General and description
Cpfind is a control point detector for hugin. It expects a project file as input and write a project file with control points on success. The general usage is
cpfind -o output.pto input.pto
Internal the control point detector algorithm is divided into 2 parts:
- The first step is the feature description: In this step the images of the project file are loaded and so called keypoints are searched. They describe destinctive features in the image. Cpfind is using a gradient based descriptor for the feature description of the keypoints.
- In a second step, the feature matching, all keypoints of two images are matched against each other to find features which are on both images. If this matching was successfull two keypoints in the two images become one control point.
Rectilinear and fisheye images
Cpfind can find control points in rectilinear and fisheye images. To achieve good control points images with a high horizontal field of view (e.g. ultra wide rectilinear or fisheye) are therefor remapped into a conformal space (cpfind is using the stereographic projection) and the feature matching occurs in this space. Before writing the control points the coordinates are remapped back to the image space. This happens automatic depending on the information about the lens in the input project file. So check that your input project file contains reasonable information about the used lens.
Outdoor panorama often contains clouds. Clouds are bad areas for setting control points because they are moving object. Cpfind can use the same algorithm as celeste_standalone to masked out areas which contains clouds. (This is only done internal for the keypoint finding step and does not change the alpha channel of your image. If you want to generate a mask image use celeste_standalone). To run cpfind with celeste use
cpfind --celeste -o output.pto input.pto
Using cpfind with integrated celeste should be superior against using cpfind and celeste_standalone sequential. When running cpfind with celeste areas of clouds, which often contains keypoints with a high quality measure, are disregarded and areas without clouds are used instead. When running cpfind without celeste also keypoints on clouds are found. When afterwards running celeste_standalone these control points are removed. In the worst case all control points of a certain image pair are removed.
So running cpfind with celeste leads to a better "control point quality" for outdoor panorama (e.g. panorama with clouds). Running cpfind with celeste takes longer than cpfind alone. So for indoor panorama this option does not need to specified (because of longer computation time).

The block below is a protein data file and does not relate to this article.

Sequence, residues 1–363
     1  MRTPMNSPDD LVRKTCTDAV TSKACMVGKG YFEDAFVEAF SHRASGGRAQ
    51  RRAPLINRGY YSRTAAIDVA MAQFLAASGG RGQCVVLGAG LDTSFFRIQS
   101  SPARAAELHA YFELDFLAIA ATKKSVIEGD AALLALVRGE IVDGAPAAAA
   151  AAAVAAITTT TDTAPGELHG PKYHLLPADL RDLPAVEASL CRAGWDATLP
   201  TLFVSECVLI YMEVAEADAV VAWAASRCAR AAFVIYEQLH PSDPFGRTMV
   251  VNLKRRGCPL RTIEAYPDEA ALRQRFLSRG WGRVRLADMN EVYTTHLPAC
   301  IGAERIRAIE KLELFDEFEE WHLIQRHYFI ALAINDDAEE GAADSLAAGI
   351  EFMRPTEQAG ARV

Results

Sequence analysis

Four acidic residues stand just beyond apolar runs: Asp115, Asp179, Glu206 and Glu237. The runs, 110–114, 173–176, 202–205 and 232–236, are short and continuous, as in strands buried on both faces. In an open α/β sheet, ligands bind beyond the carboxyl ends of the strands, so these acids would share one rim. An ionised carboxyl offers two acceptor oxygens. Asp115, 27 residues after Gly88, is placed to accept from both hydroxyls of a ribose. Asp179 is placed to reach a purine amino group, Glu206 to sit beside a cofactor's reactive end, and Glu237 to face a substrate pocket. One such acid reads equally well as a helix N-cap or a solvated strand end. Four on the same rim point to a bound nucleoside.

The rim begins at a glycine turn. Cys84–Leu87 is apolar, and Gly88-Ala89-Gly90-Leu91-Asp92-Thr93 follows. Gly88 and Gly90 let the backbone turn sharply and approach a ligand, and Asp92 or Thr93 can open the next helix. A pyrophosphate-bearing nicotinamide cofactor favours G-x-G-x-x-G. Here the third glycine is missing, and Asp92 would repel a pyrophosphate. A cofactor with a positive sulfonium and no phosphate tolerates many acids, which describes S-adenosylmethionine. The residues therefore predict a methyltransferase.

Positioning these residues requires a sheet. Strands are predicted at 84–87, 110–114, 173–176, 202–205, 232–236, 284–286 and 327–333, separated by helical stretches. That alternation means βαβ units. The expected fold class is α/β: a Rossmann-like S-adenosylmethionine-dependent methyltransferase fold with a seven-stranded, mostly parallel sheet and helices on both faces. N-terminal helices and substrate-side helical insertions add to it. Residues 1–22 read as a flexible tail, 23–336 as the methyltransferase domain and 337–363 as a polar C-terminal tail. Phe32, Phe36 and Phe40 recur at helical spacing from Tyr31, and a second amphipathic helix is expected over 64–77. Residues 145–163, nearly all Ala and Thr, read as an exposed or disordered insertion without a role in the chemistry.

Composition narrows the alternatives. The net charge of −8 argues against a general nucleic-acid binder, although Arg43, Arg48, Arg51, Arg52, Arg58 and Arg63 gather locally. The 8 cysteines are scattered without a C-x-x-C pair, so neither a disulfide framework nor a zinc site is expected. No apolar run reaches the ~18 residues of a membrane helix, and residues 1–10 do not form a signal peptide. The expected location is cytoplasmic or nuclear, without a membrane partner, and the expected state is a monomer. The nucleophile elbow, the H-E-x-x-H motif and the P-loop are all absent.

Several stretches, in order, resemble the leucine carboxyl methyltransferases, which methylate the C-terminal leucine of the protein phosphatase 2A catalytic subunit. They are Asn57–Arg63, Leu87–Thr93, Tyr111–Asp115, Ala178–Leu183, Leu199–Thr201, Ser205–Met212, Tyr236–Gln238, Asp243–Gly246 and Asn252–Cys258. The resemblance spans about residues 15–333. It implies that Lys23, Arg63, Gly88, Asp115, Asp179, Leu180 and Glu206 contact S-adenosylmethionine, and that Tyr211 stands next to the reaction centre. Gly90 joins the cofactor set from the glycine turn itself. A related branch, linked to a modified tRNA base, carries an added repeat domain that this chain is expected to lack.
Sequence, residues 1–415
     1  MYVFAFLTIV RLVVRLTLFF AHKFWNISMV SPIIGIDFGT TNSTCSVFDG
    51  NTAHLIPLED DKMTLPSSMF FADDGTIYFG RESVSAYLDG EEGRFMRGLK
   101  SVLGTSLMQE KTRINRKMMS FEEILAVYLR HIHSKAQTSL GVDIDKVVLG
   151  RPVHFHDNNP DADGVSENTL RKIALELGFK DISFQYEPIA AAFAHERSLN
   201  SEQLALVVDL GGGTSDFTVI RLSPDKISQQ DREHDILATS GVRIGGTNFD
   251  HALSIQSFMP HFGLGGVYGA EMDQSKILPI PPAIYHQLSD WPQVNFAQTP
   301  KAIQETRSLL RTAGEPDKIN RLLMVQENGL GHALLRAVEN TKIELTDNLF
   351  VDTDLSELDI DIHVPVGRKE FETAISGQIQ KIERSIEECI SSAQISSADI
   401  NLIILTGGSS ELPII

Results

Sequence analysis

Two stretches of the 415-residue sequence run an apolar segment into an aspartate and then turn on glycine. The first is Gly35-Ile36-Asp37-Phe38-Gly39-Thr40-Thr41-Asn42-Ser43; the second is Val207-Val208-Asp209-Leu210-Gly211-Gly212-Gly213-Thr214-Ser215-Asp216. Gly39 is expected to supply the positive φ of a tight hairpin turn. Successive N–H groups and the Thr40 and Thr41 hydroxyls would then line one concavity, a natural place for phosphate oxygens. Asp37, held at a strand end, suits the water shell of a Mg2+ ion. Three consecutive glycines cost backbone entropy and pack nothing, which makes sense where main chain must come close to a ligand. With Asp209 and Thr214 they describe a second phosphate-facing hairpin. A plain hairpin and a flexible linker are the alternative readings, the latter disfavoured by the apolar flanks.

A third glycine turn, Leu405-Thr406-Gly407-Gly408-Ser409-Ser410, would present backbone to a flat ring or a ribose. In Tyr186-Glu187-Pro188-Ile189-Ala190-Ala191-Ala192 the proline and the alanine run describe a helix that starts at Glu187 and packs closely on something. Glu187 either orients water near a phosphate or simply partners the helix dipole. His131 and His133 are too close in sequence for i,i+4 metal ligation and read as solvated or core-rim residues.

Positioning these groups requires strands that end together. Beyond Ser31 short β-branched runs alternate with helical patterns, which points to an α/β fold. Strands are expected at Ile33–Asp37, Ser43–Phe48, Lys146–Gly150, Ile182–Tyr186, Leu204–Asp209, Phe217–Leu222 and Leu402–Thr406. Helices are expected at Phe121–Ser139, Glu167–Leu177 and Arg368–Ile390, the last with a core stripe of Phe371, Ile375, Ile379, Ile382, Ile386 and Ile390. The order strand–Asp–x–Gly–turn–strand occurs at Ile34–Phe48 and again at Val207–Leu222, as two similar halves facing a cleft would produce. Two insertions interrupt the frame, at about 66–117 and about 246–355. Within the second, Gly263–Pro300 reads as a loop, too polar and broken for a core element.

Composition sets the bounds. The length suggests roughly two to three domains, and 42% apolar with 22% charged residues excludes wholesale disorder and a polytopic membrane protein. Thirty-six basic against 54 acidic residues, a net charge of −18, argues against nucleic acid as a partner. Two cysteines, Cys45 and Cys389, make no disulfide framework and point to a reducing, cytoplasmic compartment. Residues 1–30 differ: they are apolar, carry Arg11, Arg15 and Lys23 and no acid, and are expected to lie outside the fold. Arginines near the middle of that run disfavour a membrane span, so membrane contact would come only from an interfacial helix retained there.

The celeste step can be fine tuned by the parameters --celesteRadius and --celesteThreshold.
This is the default matching strategy. Here all image pairs are matched against each other. E.g. if your project contains 5 images then cpfind matches the image pairs: 0-1, 0-2, 0-3, 0-4, 1-2, 1-3, 1-4, 2-3, 2-4 and 3-4
This strategy works for all shooting strategy (single-row, multi-row, unordered). It finds (nearly) all connected image pairs. But it is computational expensive for projects with many images, because it test many image pairs which are not connected.
This matching strategy works best for single row panoramas:
cpfind --linearmatch -o output.pto input.pto
(More to come, switch --linearmatchlen)
This is an optimized matching strategy for single and multi-row panorama:
cpfind --multirow -o output.pto input.pto
The algorithm is the same as described in multi-row panorama. By integrating this algorithm into cpfind it is faster by using several cores of modern CPUs and don't caching the keypoints to disc (which is time consuming). If you want to use this multi-row matching inside hugin set the control point detector type to All images at once.
Keypoints caching to disc
(Needs some more details)
cpfind --kall input.pto cpfind -k 0 -k 1 input.pto cpfind --cache -o output.pto input.pto cpfind --clean input.pto
For speed reasons cpfind is using images, which are scaled to their half width and height, to find keypoints. With the switch --fullscale cpfind is working on the full scale images. This takes longer but can provide "better" and/or more control points.
The feature description step can be fine-tuned by the parameters:
--sieve1width <int> Sieve 1: Number of buckets on width (default: 10)
--sieve1height <int> Sieve 1: Number of buckets on height (default: 10)
--sieve1size <int> Sieve 1: Max points per bucket (default: 30)
--kdtreesteps <int> KDTree: search steps (default: 40)
--kdtreeseconddist <double> KDTree: distance of 2nd match (default: 0.15)
Fine-tuning of the matching step by the following parameters:
--ransaciter <int> Ransac: iterations (default: 1000)
--ransacdist <int> Ransac: homography estimation distance threshold (pixels) (default: 25)
--sieve2width <int> Sieve 2: Number of buckets on width (default: 5)
--sieve2height <int> Sieve 2: Number of buckets on height (default: 5)
--sieve2size <int> Sieve 2: Max points per bucket (default: 2)